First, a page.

February on Kilimanjaro is typically a rather dry month, a mini dry season sandwiched between the short-rains of roughly November-December, and the long-rains during the March-April-May period. Last month followed this pattern, excepting a brief, important event occurring mid-month.
At the summit, snowfall began late on the 14th and appears to have
continued all day on the 15th. The 16th may have been dry in the
morning, but by evening telemetry data suggest that snowfall began
again, with increased wind speed that may have caused drifting of the
fresh snow. Reports from climbers on the mountain mention heavy snowfall at Arrow Glacier Camp and in the Western Breach. By early on the 18th the event was over and dry conditions
again prevailed on into early March.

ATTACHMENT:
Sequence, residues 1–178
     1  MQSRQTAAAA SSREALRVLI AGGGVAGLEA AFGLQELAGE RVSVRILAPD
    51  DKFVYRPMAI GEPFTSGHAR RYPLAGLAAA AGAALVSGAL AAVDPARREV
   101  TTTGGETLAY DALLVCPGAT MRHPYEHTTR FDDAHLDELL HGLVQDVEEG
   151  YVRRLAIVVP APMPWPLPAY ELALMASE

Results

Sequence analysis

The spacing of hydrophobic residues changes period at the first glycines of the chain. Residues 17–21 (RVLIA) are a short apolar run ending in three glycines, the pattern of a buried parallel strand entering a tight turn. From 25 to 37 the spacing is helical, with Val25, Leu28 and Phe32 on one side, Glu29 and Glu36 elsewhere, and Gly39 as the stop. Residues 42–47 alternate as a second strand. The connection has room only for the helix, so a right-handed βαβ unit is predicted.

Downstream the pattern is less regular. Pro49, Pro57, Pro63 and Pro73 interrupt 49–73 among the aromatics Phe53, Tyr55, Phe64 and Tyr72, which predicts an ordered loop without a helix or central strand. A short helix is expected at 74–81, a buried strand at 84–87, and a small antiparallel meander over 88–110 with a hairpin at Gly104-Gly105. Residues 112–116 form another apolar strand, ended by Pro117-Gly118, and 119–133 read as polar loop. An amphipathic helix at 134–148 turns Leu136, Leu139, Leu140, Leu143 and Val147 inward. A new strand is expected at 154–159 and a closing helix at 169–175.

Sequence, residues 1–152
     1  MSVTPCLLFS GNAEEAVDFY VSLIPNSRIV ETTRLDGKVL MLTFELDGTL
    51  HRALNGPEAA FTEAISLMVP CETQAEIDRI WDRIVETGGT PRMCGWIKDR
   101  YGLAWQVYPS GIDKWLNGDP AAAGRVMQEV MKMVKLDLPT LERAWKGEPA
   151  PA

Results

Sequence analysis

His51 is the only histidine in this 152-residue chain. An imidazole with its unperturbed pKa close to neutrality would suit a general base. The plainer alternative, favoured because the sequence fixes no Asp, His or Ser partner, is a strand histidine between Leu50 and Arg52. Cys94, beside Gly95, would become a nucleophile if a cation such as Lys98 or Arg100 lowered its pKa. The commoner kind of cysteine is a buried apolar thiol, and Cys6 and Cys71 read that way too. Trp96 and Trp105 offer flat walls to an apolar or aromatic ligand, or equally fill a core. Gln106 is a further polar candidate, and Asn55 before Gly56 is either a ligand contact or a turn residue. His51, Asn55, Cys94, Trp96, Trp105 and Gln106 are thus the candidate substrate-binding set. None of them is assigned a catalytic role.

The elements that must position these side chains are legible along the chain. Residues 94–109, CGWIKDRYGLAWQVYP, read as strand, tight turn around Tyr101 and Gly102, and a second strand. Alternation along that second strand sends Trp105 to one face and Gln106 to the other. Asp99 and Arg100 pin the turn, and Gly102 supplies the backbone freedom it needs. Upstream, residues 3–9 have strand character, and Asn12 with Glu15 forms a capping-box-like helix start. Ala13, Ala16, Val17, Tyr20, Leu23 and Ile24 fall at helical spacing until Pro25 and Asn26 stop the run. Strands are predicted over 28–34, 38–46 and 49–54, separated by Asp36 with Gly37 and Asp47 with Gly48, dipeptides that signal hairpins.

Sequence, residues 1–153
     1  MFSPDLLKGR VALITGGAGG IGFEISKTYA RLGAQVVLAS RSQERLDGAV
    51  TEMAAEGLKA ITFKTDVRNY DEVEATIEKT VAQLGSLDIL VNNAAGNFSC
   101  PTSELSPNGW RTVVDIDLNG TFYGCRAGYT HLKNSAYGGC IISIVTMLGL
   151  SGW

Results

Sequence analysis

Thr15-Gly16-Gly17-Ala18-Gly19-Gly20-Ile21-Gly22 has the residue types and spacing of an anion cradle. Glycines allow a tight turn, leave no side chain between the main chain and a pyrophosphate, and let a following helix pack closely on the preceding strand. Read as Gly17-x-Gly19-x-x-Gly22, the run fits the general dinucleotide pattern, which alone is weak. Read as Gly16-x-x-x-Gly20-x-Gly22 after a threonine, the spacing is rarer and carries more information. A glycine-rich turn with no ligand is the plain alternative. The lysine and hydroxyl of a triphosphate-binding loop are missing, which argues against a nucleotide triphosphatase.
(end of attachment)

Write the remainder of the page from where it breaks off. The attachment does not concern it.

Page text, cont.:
This February event is important because it was the largest snowfall
event since the long-rains of 2014, totaling 16.5 cm. This is ~2 cm
greater than the event of late-November into early-December 2014.
Although events of this magnitude pale in comparison with those on other
mountains, they must be viewed in context; the summit of Kilimanjaro is
very dry. Snowfall on the summit glaciers adds mass to horizontal
surfaces, and more importantly - a bright, smooth snow surface changes
the energy balance both on the glaciers and on surrounding caldera
surfaces adjacent to the vertical walls.